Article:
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Bernard v. Roal


June 10, 2010


The opinion of the court was delivered by: Gabriel W. Gorenstein, United States Magistrate Judge


Petitioner Dale Bernard, proceeding pro se, brings this petition for a writ of habeas corpus pursuant to 28 U.S.C. § 2241 and also makes a challenge under the Administrative Procedure Act ("APA") (codified in scattered sections of 5 U.S.C.). Bernard is currently an inmate at the Federal Prison Camp in Duluth, Minnesota. The parties have consented to the disposition of this matter by a United States Magistrate Judge pursuant to 28 U.S.C. § 636(c).


A. Procedural History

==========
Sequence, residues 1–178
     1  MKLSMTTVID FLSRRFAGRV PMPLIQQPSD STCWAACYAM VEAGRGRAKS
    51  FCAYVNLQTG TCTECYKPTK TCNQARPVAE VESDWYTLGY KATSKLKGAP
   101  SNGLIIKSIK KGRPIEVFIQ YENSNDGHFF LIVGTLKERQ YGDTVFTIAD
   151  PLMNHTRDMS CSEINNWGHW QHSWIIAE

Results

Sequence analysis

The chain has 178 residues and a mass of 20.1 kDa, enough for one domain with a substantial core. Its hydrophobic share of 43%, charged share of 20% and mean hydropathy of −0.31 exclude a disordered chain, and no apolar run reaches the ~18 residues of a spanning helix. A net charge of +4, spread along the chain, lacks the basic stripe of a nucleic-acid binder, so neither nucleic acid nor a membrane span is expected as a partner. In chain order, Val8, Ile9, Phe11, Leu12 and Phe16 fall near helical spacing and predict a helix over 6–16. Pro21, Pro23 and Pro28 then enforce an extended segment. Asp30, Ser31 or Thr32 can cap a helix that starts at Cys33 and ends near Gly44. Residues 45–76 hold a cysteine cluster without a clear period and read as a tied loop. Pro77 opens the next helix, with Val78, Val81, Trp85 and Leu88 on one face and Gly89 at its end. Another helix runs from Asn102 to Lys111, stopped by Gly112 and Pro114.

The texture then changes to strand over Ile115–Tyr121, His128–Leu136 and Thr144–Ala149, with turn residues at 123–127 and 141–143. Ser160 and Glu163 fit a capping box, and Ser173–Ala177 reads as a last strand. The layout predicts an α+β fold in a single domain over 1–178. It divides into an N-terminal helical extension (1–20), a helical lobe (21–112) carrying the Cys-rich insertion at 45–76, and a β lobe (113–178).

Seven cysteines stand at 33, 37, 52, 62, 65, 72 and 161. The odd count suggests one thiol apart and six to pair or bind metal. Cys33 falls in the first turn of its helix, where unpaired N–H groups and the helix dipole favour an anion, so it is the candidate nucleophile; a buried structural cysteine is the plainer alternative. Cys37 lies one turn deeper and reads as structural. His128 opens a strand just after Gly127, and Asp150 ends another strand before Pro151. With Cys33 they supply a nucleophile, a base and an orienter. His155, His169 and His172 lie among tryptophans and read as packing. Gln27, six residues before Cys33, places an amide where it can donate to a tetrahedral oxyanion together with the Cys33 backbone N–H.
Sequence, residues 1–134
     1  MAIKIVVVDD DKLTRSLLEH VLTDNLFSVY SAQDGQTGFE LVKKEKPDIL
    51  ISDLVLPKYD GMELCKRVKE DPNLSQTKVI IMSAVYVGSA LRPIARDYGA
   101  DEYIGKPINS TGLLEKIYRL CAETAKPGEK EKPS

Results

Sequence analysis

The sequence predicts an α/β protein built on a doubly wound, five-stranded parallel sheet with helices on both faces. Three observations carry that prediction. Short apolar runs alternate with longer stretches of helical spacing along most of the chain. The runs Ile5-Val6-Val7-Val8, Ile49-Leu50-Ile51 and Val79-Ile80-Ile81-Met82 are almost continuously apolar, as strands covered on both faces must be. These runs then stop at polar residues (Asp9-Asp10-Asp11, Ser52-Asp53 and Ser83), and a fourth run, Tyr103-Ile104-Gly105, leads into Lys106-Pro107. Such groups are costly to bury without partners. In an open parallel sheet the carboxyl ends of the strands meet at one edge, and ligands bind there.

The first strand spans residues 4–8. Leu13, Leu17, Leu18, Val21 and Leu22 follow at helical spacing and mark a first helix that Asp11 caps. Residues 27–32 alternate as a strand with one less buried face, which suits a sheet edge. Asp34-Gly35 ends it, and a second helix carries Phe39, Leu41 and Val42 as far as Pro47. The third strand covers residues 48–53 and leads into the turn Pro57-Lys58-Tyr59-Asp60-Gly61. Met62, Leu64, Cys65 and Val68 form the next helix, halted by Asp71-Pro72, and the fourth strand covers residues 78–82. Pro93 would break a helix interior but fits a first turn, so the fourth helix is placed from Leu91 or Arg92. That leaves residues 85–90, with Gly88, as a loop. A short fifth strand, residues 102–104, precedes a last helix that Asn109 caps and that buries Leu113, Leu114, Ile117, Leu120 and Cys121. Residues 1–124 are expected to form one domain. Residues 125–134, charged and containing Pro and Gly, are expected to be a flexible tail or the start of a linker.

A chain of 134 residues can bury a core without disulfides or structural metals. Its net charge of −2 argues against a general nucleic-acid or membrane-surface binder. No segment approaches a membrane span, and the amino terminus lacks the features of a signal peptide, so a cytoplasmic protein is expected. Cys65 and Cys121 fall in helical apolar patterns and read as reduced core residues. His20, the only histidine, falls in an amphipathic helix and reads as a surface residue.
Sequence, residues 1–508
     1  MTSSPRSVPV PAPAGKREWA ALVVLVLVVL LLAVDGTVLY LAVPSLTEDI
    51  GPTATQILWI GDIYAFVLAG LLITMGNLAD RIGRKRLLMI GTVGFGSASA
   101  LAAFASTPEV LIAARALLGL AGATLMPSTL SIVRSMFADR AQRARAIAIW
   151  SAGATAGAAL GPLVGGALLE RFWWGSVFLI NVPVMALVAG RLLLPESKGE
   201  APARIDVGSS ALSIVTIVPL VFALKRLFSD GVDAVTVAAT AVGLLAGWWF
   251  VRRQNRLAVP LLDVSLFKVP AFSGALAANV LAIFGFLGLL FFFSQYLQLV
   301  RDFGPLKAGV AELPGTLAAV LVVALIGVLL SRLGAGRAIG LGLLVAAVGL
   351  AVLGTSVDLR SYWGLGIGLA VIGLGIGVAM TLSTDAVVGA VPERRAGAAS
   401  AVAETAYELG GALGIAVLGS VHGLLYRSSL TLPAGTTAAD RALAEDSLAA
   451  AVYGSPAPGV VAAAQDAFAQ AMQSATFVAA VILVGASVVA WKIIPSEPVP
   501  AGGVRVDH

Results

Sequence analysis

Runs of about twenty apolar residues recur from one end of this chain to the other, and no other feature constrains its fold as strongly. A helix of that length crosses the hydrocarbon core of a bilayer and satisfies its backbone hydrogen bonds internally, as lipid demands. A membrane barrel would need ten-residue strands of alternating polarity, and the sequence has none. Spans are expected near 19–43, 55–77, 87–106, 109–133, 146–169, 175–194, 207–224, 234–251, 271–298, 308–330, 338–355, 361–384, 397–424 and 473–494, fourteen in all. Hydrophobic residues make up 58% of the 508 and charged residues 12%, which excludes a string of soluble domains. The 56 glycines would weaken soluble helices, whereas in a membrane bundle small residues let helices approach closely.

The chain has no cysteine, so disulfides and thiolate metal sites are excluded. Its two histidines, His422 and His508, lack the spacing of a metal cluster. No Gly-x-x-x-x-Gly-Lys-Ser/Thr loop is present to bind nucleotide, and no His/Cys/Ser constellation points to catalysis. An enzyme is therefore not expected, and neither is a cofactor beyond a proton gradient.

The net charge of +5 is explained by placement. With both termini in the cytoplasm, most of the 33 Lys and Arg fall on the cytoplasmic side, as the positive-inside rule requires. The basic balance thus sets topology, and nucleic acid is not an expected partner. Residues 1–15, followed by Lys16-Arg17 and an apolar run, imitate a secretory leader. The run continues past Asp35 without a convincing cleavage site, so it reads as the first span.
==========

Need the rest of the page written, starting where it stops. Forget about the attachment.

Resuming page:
On April 13, 2009, Bernard, an inmate in federal custody, filed a complaint challenging certain actions of the Bureau of Prisons ("BOP"), see Complaint, filed Apr. 13, 2009 (Docket # 2) ("Complaint"), which this Court construed both as a petition for a writ of habeas corpus pursuant to 28 U.S.C. § 2241 and as a complaint seeking review of agency action pursuant to the APA. See Order, filed May 1, 2009 (Docket # 6). After the Government opposed the petition, see Respondent-Defendants' Memorandum of Law in Opposition to Petition for Writ of Habeas Corpus and in Support of Motion to Dismiss Complaint, filed July 16, 2009 (Docket # 14) at 4-9, the Court ruled that a number of Bernard's claims were meritless or moot. Bernard v. Roal, 2010 WL 93160, at *3 (S.D.N.Y. Jan. 11, 2010). But the Court also concluded that Bernard's complaint should be construed as raising several claims that were not addressed by the Government. See id. Accordingly, the Court directed the Government to file new papers addressing these claims. See id. The Court also gave Bernard permission to clarify his claims to the extent that he believed that the Court's interpretation of his claims was not accurate. See id.